Is My Trauma Traumatic Enough?
T/W - Sexual Assault, Abuse, Gaslighting
Compare and despair comes in all shapes and forms. As an actor and an artist, I brush my fucking teeth with it. Yes, I am inspired when one of my friends does well. Yes, I want all of my people to book things and make a shitload of money. Yes, I can still be jealous while inspired. The two are not mutually exclusive. I've grown accustomed to living a life where I'm one phone call away from getting everything I want, but on those days where one of my peers gets the call before I do, I can't help but feel the burn.
Anyway, I'm avoiding talking about what I came here to talk about because it scares the fuck out of me. This week's post is about comparing my trauma to others.
Let me get it out of the way: I was sexually assaulted on two different occasions a few years ago. Once by a "friend", the other some random stranger at a party. I just stared at that sentence for a while and I really don't know how to elaborate without people I know attempting to sniff out who it is, but should I really care?
Of course. I'm scared. It's fucking scary. Because what do I have to gain? Retaliation? Utter the words "why wouldn't they just go to the police" in front me and I'll punch you in the fucking mouth.
For context, I was at a party. A friend, whom I had a troubled relationship with, entered the bar and grabbed me, aggressively, by the crotch. He pinned me against the wall and rubbed that area in front of a group of people, saying something to the effect of "oh man, your dick got bigger". I froze at first, and eventually shoved him away. This was his way of "making amends" with me. I didn't talk to him the whole night, and this upset him. He asked mutual friends what was wrong with me, why I was being so cold to him.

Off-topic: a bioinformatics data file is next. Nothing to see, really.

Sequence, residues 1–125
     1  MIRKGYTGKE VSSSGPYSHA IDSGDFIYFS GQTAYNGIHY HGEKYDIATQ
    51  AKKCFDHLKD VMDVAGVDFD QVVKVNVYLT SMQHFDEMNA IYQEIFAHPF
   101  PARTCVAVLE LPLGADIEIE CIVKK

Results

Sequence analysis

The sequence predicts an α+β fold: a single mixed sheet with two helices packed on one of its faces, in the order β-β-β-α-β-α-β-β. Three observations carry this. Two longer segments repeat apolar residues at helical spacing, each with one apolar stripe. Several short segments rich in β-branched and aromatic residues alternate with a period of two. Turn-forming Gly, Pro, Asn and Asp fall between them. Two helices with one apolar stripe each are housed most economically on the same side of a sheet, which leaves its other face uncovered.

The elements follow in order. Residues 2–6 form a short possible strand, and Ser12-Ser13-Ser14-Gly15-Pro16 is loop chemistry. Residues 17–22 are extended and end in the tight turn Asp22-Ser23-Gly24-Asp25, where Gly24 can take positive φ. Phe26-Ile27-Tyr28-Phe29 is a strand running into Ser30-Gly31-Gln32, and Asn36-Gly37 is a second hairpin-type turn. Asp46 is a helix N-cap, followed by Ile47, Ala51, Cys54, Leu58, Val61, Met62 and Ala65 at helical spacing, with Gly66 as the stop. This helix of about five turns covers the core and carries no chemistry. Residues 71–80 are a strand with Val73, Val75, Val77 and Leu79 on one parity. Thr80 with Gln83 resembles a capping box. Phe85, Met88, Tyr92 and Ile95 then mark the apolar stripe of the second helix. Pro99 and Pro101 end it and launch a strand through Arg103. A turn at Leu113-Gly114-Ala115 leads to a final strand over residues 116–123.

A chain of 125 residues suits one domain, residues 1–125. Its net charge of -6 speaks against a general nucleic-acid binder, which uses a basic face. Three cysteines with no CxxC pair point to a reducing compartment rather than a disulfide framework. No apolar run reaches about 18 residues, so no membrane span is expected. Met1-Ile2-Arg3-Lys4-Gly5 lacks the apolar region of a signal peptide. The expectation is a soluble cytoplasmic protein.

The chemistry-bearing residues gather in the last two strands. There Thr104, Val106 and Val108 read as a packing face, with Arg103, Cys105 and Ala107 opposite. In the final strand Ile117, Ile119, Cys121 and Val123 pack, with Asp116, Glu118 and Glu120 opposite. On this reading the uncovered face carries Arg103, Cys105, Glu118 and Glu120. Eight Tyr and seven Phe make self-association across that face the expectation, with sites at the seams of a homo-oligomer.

Here's the thing - my brain did not register it as sexual assault when it happened. I was shaken, humiliated, angry, confused, so many things. My body knew there was something wrong, but my brain talked me out of it. I was implored by some other friends to "make it right" with him.
And I did.
So, what creditability did I have? We hung out several times after that, till another incident (non sexual-related) ended the friendship for good. Therapy helped me understand what it was. And once I understood, it fucking wrecked me. It changed my relationship to sex, brought on a whole new onslaught of fears in public and social situations that I still haven't gotten over, and probably never will.
Well, fuck. That was not fun to type.
Let me circle back to why I brought that up. And take a second to pace and drink more coffee. The culture of this guy, in all his "grab her by the pussy" glory, would never entertain the thought of what he did was an act of sexual violence. To him, it's "guys being guys", fraternity house bull shit. And you know what, I'm 100% sure he's done it to plenty of other dudes. But blindsiding me in that way, doing something that I did not consent to, in public, when him and I were not on good terms, was a fucking sexual assault. It's astonishing how many times I've had to reiterate that to convince myself. Imagine trying to convince this person?